We think that Lonza brings some attributes to a combination with Patheon that might obviate these negatives. One of its biggest
assets is the scope of its capabilities. With offerings in both small-and large-molecule API process development and manufacturing,
including microbial fermentation, mammalian cell culture, peptides, high potency APIs, and antibody conjugates, it is positioned
to service most of the candidates in even the largest new product portfolio. Combined with its financial soundness and a reputation
for operational reliability, it is well positioned to be selected as a preferred provider by global bio/pharma companies seeking
to consolidate their sourcing activities into a small number of vendors. By acquiring Patheon, Lonza has the opportunity to
enhance its preferred provider status by adding dose manufacturing while extending its preferred provider "halo" to Patheon's
dose manufacturing offerings.
A second major asset that Lonza brings to the Patheon acquisition is its ability to put together long-term strategic deals
with major bio/pharmaceutical companies. Lonza has announced long-term strategic relationships for its biomanufacturing services
with Genentech and Novartis, and claims to be negotiating more such deals. Those announced transactions are notable for their
innovation and comprehensiveness, combining its manufacturing expertise with elements of financial engineering and risk management.
It is likely that Lonza executives expect that they can use their preferred partner status and deal-making skills to negotiate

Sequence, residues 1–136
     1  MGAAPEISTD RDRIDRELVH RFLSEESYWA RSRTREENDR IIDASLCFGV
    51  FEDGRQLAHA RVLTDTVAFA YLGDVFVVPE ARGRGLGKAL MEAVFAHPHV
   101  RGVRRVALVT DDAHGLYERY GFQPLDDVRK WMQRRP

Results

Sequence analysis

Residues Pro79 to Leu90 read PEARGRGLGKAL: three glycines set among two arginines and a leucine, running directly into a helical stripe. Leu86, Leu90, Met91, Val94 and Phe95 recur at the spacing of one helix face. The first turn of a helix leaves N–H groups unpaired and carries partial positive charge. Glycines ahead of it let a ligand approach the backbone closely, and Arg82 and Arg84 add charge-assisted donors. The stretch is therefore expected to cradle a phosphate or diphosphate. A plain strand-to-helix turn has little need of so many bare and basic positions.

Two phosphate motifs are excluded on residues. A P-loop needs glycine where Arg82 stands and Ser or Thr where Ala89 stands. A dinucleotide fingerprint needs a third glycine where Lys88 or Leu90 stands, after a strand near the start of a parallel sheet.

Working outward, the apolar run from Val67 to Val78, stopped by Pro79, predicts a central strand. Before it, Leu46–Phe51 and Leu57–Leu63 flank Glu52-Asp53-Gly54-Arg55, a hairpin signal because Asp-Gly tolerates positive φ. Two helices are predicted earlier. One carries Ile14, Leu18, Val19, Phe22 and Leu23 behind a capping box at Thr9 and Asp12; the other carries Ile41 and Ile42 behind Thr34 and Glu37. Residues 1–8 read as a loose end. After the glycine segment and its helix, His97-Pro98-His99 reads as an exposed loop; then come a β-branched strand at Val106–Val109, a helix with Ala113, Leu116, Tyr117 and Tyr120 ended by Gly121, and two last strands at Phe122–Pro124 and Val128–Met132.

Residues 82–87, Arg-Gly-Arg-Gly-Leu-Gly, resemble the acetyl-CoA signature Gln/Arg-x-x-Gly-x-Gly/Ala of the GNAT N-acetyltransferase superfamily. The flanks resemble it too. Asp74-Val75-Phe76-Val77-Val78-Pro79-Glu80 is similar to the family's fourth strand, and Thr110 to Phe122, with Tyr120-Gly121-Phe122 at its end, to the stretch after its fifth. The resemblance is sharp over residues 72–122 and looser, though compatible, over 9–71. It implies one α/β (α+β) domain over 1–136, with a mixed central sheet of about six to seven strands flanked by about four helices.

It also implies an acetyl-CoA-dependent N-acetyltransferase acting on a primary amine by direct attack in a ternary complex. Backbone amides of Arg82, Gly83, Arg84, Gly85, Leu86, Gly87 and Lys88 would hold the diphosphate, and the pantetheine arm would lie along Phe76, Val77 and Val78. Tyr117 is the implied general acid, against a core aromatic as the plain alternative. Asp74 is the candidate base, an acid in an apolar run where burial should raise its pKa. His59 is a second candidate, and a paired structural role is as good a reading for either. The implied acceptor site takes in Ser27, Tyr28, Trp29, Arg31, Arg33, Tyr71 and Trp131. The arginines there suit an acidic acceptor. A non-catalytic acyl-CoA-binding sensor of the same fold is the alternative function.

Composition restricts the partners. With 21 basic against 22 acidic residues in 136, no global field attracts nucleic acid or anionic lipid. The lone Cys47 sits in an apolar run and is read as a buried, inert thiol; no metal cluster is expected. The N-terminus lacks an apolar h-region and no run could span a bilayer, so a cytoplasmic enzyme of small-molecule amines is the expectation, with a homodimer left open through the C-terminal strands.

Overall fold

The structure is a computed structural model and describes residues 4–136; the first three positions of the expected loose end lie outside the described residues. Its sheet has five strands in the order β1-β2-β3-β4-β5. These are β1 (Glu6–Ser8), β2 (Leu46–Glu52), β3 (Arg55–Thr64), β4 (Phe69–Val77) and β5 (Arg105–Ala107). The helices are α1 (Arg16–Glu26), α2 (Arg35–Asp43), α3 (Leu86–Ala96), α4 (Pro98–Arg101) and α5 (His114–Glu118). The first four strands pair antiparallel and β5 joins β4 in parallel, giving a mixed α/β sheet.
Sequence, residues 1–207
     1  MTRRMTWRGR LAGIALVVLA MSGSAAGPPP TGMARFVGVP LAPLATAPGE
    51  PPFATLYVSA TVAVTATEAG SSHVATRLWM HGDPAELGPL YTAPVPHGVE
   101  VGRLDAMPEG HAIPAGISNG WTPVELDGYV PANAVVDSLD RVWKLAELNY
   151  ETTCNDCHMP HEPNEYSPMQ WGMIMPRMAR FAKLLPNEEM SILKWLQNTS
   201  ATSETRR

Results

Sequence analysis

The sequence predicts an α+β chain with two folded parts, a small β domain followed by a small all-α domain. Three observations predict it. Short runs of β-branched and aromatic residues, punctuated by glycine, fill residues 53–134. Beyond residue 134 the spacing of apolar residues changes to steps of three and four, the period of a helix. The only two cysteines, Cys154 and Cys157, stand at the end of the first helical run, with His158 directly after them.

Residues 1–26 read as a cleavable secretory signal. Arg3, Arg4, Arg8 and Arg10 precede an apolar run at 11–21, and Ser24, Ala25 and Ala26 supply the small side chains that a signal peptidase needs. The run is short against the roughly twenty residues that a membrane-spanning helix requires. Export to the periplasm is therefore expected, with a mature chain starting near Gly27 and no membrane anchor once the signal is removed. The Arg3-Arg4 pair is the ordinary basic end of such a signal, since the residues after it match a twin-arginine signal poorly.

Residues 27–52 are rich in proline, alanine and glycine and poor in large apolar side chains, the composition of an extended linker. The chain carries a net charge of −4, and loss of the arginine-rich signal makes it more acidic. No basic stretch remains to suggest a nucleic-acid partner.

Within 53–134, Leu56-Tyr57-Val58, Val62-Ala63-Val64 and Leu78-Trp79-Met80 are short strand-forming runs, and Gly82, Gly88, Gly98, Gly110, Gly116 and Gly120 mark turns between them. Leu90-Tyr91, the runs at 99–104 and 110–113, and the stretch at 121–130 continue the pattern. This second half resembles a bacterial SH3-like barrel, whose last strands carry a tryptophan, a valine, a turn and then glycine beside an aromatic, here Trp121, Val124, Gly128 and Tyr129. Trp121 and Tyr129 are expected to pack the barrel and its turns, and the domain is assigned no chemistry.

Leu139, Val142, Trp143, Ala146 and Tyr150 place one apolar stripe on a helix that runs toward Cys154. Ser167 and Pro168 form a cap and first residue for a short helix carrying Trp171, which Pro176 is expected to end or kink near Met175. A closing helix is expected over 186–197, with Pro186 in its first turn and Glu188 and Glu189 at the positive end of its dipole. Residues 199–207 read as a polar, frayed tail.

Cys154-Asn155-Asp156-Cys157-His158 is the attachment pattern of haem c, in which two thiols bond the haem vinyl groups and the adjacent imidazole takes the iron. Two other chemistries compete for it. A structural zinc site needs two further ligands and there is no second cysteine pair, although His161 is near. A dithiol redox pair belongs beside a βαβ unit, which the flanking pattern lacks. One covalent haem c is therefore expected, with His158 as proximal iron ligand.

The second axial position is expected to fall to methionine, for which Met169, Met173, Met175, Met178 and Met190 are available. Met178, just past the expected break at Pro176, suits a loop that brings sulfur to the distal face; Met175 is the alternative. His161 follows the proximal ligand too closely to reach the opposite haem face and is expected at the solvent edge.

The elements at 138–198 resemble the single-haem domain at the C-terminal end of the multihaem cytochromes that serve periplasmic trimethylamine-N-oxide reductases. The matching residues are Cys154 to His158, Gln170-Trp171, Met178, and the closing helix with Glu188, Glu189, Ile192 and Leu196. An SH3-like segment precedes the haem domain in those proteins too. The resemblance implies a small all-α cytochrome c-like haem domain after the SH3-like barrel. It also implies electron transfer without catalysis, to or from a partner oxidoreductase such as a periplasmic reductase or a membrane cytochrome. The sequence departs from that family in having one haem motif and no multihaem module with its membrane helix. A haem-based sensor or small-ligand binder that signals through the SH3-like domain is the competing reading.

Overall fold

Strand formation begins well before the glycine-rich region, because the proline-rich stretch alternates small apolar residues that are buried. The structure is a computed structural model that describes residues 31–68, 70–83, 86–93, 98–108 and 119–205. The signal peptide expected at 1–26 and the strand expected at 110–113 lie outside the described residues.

major comprehensive supply agreements that Patheon cannot do on its own, incorporating API and dose manufacturing capabilities,
and filling Patheon's dose manufacturing capacity.
Of course, these advantages are meaningless if Lonza cannot convince JLL Partners to sell its shares. JLL has publicly rejected
Lonza's offer and stated its intention to maintain its stake in Patheon and help Patheon's management grow the company. Lonza
for its part has said it would not raise its price. We can assume that these are both negotiating positions and that the companies
will explore ways of meeting their objectives.
By the time this column gets published the situation may have been settled, but even if Lonza is unsuccessful in acquiring
Patheon, a precedent has been set. Lonza has announced its determination to add dose formulation and manufacturing to its
API development and manufacturing capabilities. The move will no doubt prompt other API manufacturers to seriously consider
the merits of the one-stop manufacturing model for their own positions. In fact, several API manufacturers, including DSM,
PCAS, and Boehringer Ingelheim already have significant dose manufacturing capabilities.
We could be on the verge of a major consolidation of the contract manufacturing industry.
Jim Miller is president of PharmSource Information Services, Inc. , Springfield, VA, 703.383.4903, email@example.com